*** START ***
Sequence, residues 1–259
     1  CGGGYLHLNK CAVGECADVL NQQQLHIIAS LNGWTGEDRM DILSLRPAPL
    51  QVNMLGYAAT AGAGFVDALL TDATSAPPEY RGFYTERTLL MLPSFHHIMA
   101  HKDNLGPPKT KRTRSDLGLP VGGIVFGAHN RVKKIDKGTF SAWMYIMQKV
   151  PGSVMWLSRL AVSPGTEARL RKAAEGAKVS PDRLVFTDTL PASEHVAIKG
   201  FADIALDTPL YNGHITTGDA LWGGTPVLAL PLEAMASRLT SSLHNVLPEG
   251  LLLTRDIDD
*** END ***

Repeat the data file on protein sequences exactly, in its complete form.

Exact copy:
Sequence, residues 1–259
     1  CGGGYLHLNK CAVGECADVL NQQQLHIIAS LNGWTGEDRM DILSLRPAPL
    51  QVNMLGYAAT AGAGFVDALL TDATSAPPEY RGFYTERTLL MLPSFHHIMA
   101  HKDNLGPPKT KRTRSDLGLP VGGIVFGAHN RVKKIDKGTF SAWMYIMQKV
   151  PGSVMWLSRL AVSPGTEARL RKAAEGAKVS PDRLVFTDTL PASEHVAIKG
   201  FADIALDTPL YNGHITTGDA LWGGTPVLAL PLEAMASRLT SSLHNVLPEG
   251  LLLTRDIDD